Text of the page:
AGO Opinion 83006

January 7, 1983
Senator Tom Vickers
Nebraska State Legislature
1017 State Capitol
Lincoln, Nebraska 68509

Dear Senator Vickers:

This is in response to your letter of December 16, 1982, wherein you state that you are seriously contemplating the introduction of legislation which would regulate interstate pipelines.

You have asked whether the Legislature could, consistent with the federal Constitution Interstate Commerce Clause, give Natural Resource Districts (NRDs) authority to monitor soil erosion activities of an interstate pipeline in order to assure compliance with federally imposed soil erosion standards; and Whether the Legislature could delegate to the NRDs authority to establish minimum standards for soil erosion prevention which would apply to interstate pipelines.

We conclude that regulation of interstate pipelines which carry natural gas, oil (under most circumstances), and commodities has beer. pre-empted by Congress, so that any state law which conflicts with the federal law governing regulation of the aforesaid substances must give way to the federal law by virtue of the Supremacy Clause, United States Constitution, Article VI.

The interstate Commerce Act was amended by the Hepburn Act
of 1906.

Within the Act or jurisdiction of the Interstate Commerce Commission. United States v. Ohio Oil Company, supra. Consequently, under circumstances where interstate oil only is being transported from the pipeline company's oil field, there would appear to be little question that the state may regulate the pipeline transporting that oil.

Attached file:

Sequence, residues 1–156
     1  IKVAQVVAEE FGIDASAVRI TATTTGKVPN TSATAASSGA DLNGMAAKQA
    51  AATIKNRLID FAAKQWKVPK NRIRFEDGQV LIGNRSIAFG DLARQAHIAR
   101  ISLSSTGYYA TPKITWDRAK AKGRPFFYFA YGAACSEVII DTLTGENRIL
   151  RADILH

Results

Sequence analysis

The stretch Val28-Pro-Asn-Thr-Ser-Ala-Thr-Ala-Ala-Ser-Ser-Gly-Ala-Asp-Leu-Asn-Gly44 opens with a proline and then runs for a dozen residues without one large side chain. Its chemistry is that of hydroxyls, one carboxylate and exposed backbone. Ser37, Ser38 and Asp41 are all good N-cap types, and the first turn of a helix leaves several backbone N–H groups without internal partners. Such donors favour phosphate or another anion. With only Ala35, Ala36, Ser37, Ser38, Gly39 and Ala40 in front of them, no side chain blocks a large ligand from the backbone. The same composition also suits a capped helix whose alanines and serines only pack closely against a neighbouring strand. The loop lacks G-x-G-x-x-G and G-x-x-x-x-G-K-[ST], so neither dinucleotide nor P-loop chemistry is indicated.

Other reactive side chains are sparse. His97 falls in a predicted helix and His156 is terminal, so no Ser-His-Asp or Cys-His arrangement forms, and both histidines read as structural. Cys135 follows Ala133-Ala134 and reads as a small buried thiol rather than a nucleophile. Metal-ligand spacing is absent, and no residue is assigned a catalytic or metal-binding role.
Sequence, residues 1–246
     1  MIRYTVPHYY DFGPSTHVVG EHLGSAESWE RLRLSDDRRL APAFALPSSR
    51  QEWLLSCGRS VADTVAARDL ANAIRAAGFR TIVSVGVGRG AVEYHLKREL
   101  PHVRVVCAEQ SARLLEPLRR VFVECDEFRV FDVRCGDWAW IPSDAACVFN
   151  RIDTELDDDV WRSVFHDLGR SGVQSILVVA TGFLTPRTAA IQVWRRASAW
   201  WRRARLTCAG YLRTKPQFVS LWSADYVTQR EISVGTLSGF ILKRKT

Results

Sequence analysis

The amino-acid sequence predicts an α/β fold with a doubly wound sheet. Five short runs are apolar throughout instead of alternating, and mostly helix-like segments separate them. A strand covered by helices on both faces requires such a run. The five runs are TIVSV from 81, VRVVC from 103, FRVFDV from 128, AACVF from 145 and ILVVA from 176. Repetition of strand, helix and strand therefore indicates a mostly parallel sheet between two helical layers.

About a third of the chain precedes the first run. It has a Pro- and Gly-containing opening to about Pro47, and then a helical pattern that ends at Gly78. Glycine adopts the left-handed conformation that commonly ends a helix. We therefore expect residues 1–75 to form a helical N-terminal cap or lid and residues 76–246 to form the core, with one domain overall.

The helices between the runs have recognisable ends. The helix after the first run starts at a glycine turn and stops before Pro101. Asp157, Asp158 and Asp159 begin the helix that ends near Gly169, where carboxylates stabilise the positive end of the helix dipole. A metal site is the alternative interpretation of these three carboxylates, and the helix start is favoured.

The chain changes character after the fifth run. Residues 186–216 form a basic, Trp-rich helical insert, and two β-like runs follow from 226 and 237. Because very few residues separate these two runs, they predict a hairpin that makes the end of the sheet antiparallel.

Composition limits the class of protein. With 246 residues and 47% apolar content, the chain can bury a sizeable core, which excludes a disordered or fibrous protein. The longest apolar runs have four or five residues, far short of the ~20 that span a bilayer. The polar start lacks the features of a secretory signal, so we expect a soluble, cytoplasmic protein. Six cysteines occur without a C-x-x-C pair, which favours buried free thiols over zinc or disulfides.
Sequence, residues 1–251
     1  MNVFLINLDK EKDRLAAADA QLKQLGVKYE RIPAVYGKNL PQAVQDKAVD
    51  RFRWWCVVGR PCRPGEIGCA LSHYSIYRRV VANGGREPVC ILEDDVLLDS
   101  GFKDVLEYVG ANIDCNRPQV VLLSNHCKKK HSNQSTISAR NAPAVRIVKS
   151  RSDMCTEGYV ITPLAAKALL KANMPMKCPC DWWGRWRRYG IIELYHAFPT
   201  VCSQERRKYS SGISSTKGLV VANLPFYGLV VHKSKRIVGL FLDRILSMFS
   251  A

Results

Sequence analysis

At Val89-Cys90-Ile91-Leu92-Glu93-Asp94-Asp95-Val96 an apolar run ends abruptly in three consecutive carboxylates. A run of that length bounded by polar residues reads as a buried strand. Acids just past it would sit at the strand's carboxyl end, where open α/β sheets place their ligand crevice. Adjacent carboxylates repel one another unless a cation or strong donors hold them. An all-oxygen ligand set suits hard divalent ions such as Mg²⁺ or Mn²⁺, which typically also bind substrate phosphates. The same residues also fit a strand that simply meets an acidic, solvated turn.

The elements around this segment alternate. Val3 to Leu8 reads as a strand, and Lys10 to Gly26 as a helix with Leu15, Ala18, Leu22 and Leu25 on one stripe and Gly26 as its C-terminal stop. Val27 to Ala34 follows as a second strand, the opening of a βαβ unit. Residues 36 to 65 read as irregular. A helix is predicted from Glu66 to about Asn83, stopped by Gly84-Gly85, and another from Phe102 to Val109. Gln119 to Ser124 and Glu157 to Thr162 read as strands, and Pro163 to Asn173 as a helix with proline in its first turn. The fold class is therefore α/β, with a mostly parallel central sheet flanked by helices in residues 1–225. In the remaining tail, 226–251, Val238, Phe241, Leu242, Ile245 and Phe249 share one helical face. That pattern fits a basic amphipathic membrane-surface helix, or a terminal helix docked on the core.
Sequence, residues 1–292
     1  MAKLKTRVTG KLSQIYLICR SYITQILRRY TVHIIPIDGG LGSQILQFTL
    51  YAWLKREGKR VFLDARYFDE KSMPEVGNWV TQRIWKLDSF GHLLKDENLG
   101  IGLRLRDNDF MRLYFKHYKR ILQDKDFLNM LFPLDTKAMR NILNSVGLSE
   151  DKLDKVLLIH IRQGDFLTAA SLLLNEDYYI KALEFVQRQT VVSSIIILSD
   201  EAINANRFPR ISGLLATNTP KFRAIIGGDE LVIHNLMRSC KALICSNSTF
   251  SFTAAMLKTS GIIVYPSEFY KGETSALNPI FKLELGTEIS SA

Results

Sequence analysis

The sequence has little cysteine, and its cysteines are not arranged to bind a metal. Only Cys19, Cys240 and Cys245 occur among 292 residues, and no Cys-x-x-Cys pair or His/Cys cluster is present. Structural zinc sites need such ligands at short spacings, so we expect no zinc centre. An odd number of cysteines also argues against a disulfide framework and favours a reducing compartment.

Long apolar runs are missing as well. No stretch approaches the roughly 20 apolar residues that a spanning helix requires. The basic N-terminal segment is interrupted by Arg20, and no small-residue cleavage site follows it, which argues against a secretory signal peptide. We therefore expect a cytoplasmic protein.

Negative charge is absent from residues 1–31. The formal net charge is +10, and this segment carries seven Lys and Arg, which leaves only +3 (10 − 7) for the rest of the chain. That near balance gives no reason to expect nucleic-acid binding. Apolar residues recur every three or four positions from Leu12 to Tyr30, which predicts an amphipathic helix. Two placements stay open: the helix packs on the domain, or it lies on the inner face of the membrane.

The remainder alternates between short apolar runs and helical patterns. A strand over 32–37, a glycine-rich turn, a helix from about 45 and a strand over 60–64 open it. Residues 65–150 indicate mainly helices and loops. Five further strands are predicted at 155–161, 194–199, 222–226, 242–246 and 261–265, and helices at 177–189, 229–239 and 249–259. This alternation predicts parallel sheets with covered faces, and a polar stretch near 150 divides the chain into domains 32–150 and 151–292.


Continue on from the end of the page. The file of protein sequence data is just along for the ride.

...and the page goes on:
Nevertheless, and with regard to all other oil transported by interstate pipelines, it has been held that the field of interstate commerce has been pre-empted by Congress, and legislation arising there from in that regard is the supreme law of the land. Valvoline Oil Company v. United States, 60 S.Ct. 160, 308 U.S. 141, 84 L.Ed. 151 (Penn. 1939). And, in reviewing 49 U.S.C.A. §I et seq., we note that the federal regulatory scheme contained therein is relatively complete, which would indicate an intent by the federal government, as pointed out by the Valvoline case, to pre-empt regulation of interstate transportation of oil, other than oil originating at the pipeline company's own field.

With regard to interstate gas pipelines, the construction, installation, maintenance, and operation of the line is subject to the provisions of the Natural Gas Pipeline Safety Act (NGPSA) of 1968 (49 U.S.C..§1671 et seq.) . The provisions and legislative history~ of the NGPSA "indicate quite clearly that federal legislation has pre-empted the entire field of gas pipeline safety," which would include aspects of construction in the interest of "uniformity-: of regular.Northern Border Pipeline Com Jackson County, 512 F.Supp. 126] (1981).

Even though a law which you might introduce in Nebraska
would be different in terms of natural resource protection,
such fact would still not be sufficient to remove the subject
matter of the law from the Border Pipeline Come, any v. Jackson Cooper Id Citv of Burbank v. Lockheed Air Terminal, Inc., 411 U.S. 624, 36 L.Ed.2d 547, 93 S.Ct. 1854 (1973); Rice v. Santa Fe Elevator Corporation, 331 U.S. at 230, 91 L.Ed. 1447, 67 S.Ct. 1146.

Very truly yours,

Attorney General